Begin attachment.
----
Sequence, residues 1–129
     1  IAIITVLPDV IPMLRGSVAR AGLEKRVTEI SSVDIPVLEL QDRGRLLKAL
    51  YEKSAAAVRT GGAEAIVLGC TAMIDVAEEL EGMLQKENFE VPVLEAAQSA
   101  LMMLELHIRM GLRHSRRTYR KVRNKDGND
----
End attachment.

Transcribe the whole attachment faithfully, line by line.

Sequence, residues 1–129
     1  IAIITVLPDV IPMLRGSVAR AGLEKRVTEI SSVDIPVLEL QDRGRLLKAL
    51  YEKSAAAVRT GGAEAIVLGC TAMIDVAEEL EGMLQKENFE VPVLEAAQSA
   101  LMMLELHIRM GLRHSRRTYR KVRNKDGND